With the academic job situation so tight and uncertain, I am thinking of jobs outside academia (after a PhD in Computer Science). There are plenty of programming jobs that require an undergrad or even no degree. I tried some of them and they are so routine and so narrow that one gets frustrated easily. They also involve 8-5, M-F drudgery. Can anyone suggest better alternatives. How do companies advertise for research positions? I haven't seen many ads for those. BTW, I live in Southeast of US and due to family reasons can not relocate far.
There is a large and active demand for computer science Ph.D. holds outside of academia. Some of the main classes of positions:
- Contract R&D organizations like IHMC (near you in Florida) or my own employer, work a lot like soft-money academia.
- Government laboratories are much the same, though the money works differently.
- Government agencies need Ph.D.-level people to help manage their R&D portfolios, either directly as program managers or via private-sector contractors like Booz-Allen.
- Giant companies like Lockheed-Martin, Pfizer, or Ford have high-tech or internal R&D sections that do Ph.D.-level computer science work.
- Near any major tech university, you will find lots of startup companies and consulting firms and other odd niches.
- Finance companies and hedge funds will offer you lots of money in exchange for your immortal soul.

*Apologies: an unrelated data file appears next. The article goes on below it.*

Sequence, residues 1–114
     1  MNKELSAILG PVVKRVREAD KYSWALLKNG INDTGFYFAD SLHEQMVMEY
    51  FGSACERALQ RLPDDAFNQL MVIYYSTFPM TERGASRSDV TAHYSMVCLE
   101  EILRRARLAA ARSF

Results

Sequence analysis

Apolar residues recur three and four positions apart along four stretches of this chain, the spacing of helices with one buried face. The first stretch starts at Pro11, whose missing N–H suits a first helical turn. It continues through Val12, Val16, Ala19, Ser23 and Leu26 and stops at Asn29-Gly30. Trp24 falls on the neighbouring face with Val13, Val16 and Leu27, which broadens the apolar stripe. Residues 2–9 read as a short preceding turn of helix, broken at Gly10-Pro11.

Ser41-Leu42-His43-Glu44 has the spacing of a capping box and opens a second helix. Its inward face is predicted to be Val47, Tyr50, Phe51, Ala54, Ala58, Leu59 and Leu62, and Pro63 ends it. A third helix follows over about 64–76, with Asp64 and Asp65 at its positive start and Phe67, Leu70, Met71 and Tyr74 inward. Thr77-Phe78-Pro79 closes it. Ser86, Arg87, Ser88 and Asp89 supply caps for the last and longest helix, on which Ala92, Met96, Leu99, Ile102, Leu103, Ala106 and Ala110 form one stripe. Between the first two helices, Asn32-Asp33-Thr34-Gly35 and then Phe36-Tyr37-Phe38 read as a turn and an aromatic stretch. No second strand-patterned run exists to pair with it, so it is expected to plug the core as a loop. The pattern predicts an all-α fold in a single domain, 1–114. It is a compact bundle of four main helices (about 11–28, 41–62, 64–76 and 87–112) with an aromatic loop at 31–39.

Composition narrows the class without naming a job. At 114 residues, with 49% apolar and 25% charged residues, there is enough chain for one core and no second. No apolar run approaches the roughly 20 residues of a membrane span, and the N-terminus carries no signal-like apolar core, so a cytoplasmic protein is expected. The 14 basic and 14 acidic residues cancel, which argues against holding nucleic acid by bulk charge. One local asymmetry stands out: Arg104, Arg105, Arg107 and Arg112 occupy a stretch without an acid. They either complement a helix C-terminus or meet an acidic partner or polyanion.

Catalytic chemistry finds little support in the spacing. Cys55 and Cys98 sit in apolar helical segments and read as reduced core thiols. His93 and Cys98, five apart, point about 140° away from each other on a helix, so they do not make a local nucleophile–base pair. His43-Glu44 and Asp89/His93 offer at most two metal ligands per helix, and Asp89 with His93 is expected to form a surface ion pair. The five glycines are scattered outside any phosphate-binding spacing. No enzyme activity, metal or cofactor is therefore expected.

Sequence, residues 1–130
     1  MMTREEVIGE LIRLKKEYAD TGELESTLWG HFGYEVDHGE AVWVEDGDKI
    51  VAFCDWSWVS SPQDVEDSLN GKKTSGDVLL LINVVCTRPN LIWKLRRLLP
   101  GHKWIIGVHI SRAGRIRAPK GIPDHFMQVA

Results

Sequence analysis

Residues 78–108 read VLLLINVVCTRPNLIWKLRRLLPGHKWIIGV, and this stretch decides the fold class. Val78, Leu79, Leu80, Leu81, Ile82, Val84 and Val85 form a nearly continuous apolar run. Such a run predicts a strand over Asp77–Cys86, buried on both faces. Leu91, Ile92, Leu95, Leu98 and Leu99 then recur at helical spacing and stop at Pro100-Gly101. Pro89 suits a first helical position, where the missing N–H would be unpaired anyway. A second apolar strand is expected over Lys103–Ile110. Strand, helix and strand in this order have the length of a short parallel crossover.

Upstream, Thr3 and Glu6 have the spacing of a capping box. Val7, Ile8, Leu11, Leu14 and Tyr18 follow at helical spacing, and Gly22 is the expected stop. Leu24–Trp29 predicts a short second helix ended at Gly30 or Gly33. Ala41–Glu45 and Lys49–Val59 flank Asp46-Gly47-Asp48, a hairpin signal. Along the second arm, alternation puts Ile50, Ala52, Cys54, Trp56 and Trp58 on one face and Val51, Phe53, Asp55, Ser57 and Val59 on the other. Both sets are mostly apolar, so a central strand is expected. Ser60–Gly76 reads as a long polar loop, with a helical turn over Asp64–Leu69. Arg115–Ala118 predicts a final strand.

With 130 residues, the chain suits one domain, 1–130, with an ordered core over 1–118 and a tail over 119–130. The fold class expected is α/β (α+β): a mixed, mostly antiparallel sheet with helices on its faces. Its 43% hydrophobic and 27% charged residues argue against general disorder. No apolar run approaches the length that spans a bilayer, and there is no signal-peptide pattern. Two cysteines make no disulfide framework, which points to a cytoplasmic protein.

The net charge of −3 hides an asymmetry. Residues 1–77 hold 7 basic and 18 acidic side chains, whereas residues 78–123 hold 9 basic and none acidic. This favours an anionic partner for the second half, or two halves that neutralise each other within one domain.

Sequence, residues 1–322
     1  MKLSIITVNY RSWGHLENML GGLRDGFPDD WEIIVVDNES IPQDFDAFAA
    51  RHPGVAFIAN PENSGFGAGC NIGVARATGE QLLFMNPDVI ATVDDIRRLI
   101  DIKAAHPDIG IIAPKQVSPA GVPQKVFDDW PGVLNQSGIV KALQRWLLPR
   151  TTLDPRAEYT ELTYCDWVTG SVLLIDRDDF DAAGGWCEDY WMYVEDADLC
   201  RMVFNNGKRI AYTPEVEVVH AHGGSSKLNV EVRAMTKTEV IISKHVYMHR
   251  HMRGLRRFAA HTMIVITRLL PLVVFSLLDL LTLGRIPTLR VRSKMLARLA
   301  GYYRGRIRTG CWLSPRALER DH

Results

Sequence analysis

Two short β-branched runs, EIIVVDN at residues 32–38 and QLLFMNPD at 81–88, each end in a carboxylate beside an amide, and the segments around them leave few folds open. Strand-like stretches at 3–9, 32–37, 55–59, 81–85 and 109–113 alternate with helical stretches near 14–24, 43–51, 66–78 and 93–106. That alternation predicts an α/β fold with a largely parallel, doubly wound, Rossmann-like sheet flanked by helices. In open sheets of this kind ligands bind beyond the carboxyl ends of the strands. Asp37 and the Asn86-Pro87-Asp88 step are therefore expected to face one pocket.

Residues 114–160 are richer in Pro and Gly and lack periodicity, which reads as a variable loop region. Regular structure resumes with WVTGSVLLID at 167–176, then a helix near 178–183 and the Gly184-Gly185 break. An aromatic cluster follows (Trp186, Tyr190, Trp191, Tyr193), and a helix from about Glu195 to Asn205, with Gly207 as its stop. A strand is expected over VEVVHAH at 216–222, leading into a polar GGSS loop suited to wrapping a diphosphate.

These are just a few of the more typical routes: the research ecosystem in the US is actually very complex and has a lot of strange niches; I don't have solid numbers, but I suspect the outside-of-academia R&D world is actually much larger than traditional academia, and that's even before we start counting non-R&D positions like hedge funds.
Some of these sorts of jobs, you can find via ordinary online job listings. You'll likely do a lot better, though, if you reach out through your professional network and research community. Your advisor and other faculty are one good place to start: they'll likely have former students and other colleagues to put you in touch with outside of academia. Another good step is to go to the big conferences in your area, especially those with a more applied flavor, and look for the industry people there. You'll likely find quite a number of good opportunities, especially if you are a US citizen.
If you're finding boring (to you) jobs, you're not looking in the right places. Off the top of my head I thought of SAS, which is located in North Carolina. One possibility is to look for companies that were spun off from university research.
Ask your professors--where did other master's and PhD graduates end up, if they didn't go into academia? Talk to the career center. Even though they may be focused on undergraduates, they may have some ideas.
I have found LinkedIn to be pretty good at recommending jobs for me, both with its own algorithms and with the occasional 'inmail' from a recruiter. Sometimes it's enough to make me wrestle with leaving academia, for the reasons you cite in the question.
Make sure you use it to its full potential by (signing up!), updating your profile and making it look amazing, following companies, joining groups, connecting with people you know, and connecting with tech recruiters.